Advisor: Neil Minuk
The architect’s long standing infatuation with the notion of utopia—the realm of idealized perfection, what ought to be—is in many ways paradoxical: utopias are placeless, while architecture is firmly fixed, and utopian philosophy is purely conceptual, while architecture requires tectonic precision . This disconnect has rendered efforts at realizing utopian aspirations in the built environment as strange; with typologies such as Soviet era block housing and resort communities possessing an uncanny quality that reveals the fissure between utopian idealism and the reality of human life.
In his essay The Production of Space, Henri Lefebvre identifies such homogeneous spaces as products of capitalist interest; where differences are suppressed and standards imposed through behavioral restrictions. Lefebvre proposes however, that the immediate contradictions that come to light when humans occupy these abstract spaces can, if encouraged, generate a politically, socially, and experientially rich condition, which he terms differential space. At its strongest, a differential space is inherently diverse, dynamic, adaptive, and evolving; a space that embraces the heterogeneous human condition and combats the suppressing sameness of a rigid framework . This thesis looks to examine the role of architecture in the attempted formation of differential space, and, reciprocally, how this friction between reality and idealization can form a differential architecture.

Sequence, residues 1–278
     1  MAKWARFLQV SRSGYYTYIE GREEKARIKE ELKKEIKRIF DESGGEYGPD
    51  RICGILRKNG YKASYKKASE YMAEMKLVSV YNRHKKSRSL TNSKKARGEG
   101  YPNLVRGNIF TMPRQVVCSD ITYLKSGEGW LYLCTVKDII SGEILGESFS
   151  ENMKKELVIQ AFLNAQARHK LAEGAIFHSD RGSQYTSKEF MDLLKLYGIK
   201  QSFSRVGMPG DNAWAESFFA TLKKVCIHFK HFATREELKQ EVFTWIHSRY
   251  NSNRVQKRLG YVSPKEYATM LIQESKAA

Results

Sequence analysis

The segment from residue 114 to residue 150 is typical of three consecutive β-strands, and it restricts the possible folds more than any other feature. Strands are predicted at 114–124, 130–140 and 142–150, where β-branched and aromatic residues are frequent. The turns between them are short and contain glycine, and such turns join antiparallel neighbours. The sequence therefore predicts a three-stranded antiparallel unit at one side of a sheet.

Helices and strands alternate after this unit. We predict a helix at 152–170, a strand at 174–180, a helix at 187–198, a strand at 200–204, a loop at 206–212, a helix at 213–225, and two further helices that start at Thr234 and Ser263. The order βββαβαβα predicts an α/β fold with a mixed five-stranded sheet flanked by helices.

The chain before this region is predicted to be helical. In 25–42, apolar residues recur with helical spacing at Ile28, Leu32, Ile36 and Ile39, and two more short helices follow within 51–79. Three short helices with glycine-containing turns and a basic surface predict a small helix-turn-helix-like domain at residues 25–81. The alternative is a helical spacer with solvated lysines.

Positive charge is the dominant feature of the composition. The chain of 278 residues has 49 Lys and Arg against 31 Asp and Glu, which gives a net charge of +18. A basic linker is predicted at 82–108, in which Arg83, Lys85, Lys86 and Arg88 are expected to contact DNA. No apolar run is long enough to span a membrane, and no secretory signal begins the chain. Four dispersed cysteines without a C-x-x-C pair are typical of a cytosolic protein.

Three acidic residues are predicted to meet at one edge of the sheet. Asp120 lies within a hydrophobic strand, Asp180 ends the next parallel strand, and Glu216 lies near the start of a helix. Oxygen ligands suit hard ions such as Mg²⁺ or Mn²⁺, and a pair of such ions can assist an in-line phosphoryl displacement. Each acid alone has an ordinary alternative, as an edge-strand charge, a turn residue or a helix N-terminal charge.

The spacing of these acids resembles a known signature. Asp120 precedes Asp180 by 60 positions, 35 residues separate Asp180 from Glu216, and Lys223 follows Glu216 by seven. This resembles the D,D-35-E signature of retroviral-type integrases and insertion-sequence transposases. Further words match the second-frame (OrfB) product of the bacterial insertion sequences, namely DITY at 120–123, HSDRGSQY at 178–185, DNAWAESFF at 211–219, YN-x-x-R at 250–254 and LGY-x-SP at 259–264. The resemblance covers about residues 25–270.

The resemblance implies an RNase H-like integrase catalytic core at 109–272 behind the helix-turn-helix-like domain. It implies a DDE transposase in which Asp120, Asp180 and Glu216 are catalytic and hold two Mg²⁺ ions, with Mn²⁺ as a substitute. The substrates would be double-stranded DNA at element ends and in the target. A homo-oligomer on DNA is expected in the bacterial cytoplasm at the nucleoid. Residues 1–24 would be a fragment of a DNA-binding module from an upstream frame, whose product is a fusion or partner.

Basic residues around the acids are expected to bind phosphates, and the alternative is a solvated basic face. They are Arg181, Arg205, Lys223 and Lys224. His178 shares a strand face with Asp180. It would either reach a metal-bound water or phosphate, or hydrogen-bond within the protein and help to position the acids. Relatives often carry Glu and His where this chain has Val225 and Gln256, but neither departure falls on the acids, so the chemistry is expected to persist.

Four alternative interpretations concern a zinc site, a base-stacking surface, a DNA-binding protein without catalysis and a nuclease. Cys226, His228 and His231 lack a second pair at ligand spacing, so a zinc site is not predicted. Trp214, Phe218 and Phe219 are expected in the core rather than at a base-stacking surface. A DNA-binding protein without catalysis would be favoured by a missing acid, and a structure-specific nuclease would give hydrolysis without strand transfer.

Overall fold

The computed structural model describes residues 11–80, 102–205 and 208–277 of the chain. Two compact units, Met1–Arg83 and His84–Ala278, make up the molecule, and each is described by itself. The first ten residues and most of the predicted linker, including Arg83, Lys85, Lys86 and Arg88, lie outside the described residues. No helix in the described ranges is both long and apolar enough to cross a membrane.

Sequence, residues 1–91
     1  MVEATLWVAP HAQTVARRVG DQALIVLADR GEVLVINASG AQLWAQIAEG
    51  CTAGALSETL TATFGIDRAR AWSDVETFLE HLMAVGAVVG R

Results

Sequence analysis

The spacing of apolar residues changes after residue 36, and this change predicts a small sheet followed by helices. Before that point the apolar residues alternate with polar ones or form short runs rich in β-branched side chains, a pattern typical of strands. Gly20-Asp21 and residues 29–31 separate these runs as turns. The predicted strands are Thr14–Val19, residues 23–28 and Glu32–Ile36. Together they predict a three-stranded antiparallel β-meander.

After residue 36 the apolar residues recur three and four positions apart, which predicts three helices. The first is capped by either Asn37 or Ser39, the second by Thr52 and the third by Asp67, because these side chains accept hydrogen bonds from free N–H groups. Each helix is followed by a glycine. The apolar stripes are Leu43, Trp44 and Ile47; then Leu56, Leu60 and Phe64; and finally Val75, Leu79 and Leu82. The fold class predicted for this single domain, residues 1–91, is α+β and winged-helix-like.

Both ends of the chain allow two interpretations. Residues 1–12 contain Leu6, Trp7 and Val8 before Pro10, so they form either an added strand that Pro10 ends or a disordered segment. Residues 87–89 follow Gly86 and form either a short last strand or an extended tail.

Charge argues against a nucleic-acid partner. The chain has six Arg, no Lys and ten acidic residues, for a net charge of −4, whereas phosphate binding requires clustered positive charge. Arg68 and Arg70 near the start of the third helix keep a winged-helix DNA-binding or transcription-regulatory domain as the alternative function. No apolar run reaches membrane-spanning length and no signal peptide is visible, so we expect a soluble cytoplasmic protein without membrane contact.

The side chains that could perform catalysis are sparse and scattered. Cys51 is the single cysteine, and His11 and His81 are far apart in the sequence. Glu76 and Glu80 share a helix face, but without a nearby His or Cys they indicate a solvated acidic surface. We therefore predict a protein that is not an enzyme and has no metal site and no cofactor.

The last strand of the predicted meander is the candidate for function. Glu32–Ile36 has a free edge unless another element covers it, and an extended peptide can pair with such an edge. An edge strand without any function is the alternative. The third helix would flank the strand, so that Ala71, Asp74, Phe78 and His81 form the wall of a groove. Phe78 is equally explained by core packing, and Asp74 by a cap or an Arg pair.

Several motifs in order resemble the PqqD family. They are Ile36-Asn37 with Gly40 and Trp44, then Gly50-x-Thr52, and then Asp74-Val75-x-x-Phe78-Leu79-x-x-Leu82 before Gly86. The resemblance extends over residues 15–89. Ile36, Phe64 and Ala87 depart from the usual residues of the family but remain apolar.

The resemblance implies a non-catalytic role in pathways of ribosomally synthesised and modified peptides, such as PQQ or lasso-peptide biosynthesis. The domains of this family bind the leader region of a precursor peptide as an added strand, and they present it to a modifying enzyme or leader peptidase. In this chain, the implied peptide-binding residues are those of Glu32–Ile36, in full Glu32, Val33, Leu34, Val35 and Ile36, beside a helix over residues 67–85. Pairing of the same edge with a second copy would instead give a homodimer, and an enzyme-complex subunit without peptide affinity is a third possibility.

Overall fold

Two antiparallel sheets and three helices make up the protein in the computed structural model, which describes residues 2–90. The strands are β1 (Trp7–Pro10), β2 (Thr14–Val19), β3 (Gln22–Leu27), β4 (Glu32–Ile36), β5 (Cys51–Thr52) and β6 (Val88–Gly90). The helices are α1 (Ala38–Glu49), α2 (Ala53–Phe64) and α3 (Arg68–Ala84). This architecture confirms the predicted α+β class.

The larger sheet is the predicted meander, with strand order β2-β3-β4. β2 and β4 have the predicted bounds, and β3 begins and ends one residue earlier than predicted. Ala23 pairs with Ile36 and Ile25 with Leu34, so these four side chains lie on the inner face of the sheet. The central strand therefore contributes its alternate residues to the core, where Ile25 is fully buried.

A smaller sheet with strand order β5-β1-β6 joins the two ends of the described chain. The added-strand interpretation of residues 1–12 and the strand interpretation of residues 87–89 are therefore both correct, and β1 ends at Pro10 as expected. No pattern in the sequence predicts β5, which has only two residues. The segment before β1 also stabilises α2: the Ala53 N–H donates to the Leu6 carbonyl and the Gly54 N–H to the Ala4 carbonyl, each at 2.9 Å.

A community of 350 residences in central Winnipeg, occupied by Canadian Armed Forces personnel and their families, is the context in which this research will unfold. The community possesses a number of elements central to the formation of an uncanny territory: skewed archetypes (the house), a simulation of normative behavior (the community), all set within an invisible boundary of privacy, secrecy and exclusivity. This thesis aims to create a new typology of living for the residents of this community, one that both improves their difficult lives and at the same time embraces the uncanny edges of their current condition.
1. Existing site context - residential housing units for Canadian Armed Forces personnel
2. View from recessed communal courtyard
3. View of child care centre from proposed residential housing unit
4. View of community greenhouse and basement foundation garden plots toward Kenaston Blvd. bus stop
5. Cross section of proposed housing unit with adjustable central core units
6. Proposed community site plan defined by an earthen berm